April 1999
Volume 40, Issue 5
Free
Articles  |   April 1999
Increased susceptibility to constant light in nr and pcd mice with inherited retinal degenerations.
Author Affiliations
  • M M LaVail
    Department of Anatomy, Beckman Vision Center, University of California-San Francisco, 94143-0730, USA.
  • G M Gorrin
    Department of Anatomy, Beckman Vision Center, University of California-San Francisco, 94143-0730, USA.
  • D Yasumura
    Department of Anatomy, Beckman Vision Center, University of California-San Francisco, 94143-0730, USA.
  • M T Matthes
    Department of Anatomy, Beckman Vision Center, University of California-San Francisco, 94143-0730, USA.
Investigative Ophthalmology & Visual Science April 1999, Vol.40, 1020-1024. doi:
  • Views
  • PDF
  • Share
  • Tools
    • Alerts
      ×
      This feature is available to authenticated users only.
      Sign In or Create an Account ×
    • Get Citation

      M M LaVail, G M Gorrin, D Yasumura, M T Matthes; Increased susceptibility to constant light in nr and pcd mice with inherited retinal degenerations.. Invest. Ophthalmol. Vis. Sci. 1999;40(5):1020-1024.

      Download citation file:


      © ARVO (1962-2015); The Authors (2016-present)

      ×
  • Supplements
Abstract

PURPOSE: To determine whether the degenerating photoreceptors in nervous (nr/nr) and Purkinje cell degeneration (pcd/pcd) mutant mice are more susceptible to the damaging effects of constant light than those in age-matched normal mice. METHODS: Beginning at two ages for each mutant, albino nr/nr and pcd/pcd mice were placed into constant fluorescent light at an illuminance of 115 foot-candles to 130 foot-candles for a period of 1 week. Age-matched (usually littermate) normal (+/-) mice were exposed at the same time. The degree of photoreceptor cell loss was quantified histologically by obtaining a mean outer nuclear layer thickness for each animal. The light-exposed mice were compared with age-matched mutant and normal mice that were maintained in cyclic light. RESULTS: The homozygous mutants at each age showed a significantly greater loss of photoreceptor cells caused by constant light exposure than did the normal +/- mice in the same period of light exposure. The nr/nr and pcd/pcd mutants lost two to three times the number of photoreceptor cells than did the +/- mice during the constant light exposure. CONCLUSIONS: It has long been thought that excessive light may be harmful to patients with inherited or age-related photoreceptor degenerations. The present data add to other experimental evidence suggesting that photoreceptors already undergoing inherited or other forms of degeneration may be particularly susceptible to the damaging effects of excessive light.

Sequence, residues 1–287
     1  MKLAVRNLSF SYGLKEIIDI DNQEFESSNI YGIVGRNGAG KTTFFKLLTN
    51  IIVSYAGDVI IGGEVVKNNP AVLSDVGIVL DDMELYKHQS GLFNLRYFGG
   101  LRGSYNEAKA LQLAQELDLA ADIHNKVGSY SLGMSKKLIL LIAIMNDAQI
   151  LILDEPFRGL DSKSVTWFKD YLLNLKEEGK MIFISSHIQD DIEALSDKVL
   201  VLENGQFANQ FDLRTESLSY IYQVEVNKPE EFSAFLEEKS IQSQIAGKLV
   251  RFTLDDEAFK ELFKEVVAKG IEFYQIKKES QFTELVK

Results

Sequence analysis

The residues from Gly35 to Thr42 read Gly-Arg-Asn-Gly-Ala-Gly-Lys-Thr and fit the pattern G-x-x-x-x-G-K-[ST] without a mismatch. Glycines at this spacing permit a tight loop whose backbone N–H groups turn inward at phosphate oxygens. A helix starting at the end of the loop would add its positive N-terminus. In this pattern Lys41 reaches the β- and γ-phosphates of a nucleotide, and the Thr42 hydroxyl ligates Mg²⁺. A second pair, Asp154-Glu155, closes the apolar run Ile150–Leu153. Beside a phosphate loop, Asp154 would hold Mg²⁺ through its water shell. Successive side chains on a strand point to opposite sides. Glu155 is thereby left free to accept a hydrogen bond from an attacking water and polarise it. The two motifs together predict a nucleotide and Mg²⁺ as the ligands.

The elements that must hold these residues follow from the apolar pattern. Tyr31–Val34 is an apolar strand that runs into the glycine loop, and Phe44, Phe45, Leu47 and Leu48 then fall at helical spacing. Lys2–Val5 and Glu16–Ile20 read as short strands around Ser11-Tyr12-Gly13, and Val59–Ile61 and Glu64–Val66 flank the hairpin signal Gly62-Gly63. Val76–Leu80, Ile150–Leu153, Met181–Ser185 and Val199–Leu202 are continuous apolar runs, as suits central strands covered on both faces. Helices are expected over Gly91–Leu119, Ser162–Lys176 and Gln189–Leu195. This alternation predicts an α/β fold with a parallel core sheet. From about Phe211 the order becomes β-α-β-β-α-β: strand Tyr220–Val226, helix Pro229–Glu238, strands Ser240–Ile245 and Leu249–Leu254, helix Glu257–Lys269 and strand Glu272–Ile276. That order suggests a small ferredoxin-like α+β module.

×
×

This PDF is available to Subscribers Only

Sign in or purchase a subscription to access this content. ×

You must be signed into an individual account to use this feature.

×